An et al. [46] performed an in vivo experiment using the normal rabbit IVD and a single injection of OP-1 (2 lg per disc) to test the efficiency of OP-1 for the treatment of degenerative IVD disease. A single in vivo intradiscal injection of OP-1 resulted in increased PG content of the NP and disc height (15%) [46].

Additionally, the same authors conducted a study of radiographic and magnetic resonance imaging findings in the rabbit IVD after injection of OP-1 into the NP in the anular-puncture disc degeneration model. IVD degeneration was induced by anular puncture in two noncontiguous discs with an 18 G needle [47]. Four weeks after the anular puncture, either 5% lactose or OP-1 was injected into the center of the NP. Six weeks after the intradiscal administration of OP-1, an increase of signal intensity of NP in T2-MRI associated with restoration of disc height were observed and sustained along the entire experimental period, up to 24 weeks [48]. Histologically, the degeneration grades of the punctured discs in the OP-1-injected group were significantly lower than those of the lactose-injected group. Biochemically, the PG content of the AF and NP was higher in the OP-1-injected discs than in the control group treated with lactose injection. This study demonstrated the feasibility of restoring degenerative rabbit discs by a single injection of OP-1 into the NP. In addition, the restoration of disc height, which usually began at 6 weeks, was sustained for up to 24 weeks.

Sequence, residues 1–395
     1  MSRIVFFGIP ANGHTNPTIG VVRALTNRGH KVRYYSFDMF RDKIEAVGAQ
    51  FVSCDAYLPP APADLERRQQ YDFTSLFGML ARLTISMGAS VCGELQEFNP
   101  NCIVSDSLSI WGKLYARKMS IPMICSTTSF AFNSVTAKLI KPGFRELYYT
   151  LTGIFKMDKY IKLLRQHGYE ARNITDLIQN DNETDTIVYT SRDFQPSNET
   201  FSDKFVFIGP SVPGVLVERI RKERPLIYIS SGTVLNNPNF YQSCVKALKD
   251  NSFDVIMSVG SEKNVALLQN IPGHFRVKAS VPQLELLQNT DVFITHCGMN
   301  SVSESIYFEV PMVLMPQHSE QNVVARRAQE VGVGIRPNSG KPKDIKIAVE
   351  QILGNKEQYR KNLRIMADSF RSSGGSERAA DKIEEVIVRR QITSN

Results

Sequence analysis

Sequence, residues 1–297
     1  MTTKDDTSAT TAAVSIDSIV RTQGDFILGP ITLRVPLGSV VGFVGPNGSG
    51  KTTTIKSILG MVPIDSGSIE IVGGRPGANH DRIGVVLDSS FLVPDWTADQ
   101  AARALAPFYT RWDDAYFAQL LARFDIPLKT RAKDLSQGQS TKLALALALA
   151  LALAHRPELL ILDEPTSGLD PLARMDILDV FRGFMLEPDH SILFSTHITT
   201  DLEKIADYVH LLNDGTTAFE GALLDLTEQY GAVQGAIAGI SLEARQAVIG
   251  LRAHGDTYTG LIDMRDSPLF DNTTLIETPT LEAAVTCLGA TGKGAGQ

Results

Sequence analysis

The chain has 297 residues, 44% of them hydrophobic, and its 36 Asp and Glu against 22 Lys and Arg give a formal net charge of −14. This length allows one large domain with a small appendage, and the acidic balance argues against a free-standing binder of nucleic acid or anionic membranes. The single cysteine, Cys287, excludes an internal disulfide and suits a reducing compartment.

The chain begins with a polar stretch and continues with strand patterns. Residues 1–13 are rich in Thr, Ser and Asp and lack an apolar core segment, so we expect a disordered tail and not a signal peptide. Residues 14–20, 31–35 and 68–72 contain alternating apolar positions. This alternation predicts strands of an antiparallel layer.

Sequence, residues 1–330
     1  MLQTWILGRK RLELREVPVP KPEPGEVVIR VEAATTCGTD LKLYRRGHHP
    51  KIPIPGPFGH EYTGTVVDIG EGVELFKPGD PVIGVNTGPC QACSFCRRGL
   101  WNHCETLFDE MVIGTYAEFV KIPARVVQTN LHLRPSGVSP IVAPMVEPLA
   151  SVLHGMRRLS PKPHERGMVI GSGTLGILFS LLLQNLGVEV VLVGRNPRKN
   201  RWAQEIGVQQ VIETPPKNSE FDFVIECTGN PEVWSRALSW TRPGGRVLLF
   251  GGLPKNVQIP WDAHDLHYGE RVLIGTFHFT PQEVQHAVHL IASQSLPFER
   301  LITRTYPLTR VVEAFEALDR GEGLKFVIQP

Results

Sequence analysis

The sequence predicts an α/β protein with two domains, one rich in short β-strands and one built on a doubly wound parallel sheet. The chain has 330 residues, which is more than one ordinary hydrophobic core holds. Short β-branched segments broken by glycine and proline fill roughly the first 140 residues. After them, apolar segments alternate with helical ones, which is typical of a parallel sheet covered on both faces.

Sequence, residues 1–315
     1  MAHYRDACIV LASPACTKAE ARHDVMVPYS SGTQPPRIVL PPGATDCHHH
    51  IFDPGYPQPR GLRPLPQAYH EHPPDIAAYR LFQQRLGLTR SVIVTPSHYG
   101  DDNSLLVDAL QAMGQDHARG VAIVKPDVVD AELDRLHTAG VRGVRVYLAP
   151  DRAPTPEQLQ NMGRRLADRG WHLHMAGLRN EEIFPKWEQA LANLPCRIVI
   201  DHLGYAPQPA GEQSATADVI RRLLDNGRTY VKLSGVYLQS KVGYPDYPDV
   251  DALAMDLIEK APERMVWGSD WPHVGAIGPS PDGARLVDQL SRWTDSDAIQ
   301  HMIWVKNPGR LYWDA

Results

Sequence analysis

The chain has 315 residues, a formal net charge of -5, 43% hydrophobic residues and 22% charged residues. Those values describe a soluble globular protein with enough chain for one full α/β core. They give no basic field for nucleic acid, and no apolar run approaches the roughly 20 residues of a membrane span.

Chondroitinase ABC (C-ABC) chemonucleolysis was used by several authors to simulate an animal model of disc degeneration in the goat disc [49, 50] and in the rat tail [34, 51], and was used also as an alternative degradation method to chymopapain treatment. The effect of OP-1 has been also validated in a chondroitinase-induced chemonucleolysis model in rabbits. These data suggest the feasibility of OP-1 administration in patients with IVD degeneration who had previously received chemonucleolysis that resulted in effective loss of disc height.

Moreover, regarding the stimulatory capacity on matrix accumulation and/or synthesis induced by OP-1, an injection of rhOP-1 performed following chemonucleolysis with C-ABC may be a successful strategy to oppose the degradative effects of the enzyme and to induce the healing of the IVD structure. In adolescent rabbits, C-ABC (10 mU) was first injected into IVDs to induce chemonucleolytic effects [52]. Four weeks after the injection of C-ABC, OP-1 (100 μg/disc) or vehicle was injected and the disc height was measured for up to 12 weeks after the OP-1 treatment. The disc height after the injection of C-ABC was significantly decreased (approximately 34%), and this finding was statistically significant. The injection of OP-1 induced a recovery of the disc height towards normal within 4 weeks after the rhOP-1 injection, gradually approaching the control level by 6 weeks. This change was sustained for up to 16 weeks. The results of an injection of rhGDF-5 in the rabbit anular-puncture IVD degeneration model also confirmed the efficacy of injection of growth ad differentiation factor. The IVDs were punctured by a needle as described in the OP-1 experiment to produce IVD degeneration. Four weeks after, the rabbits received a single injection of rhGDF-5 (10 ng, 1 μg, and 100 μg) or phosphate buffered saline (PBS) and were then followed up for 16 weeks for disc height with MRI findings, and histological grades with biopsy. The injection of rhGDF-5 resulted in a replacement of IVD height and improvements in MRI findings and histological grading scores with statistical significance ( 𝑃 < 0 . 0 5 - 0 . 0 0 1 ) [40].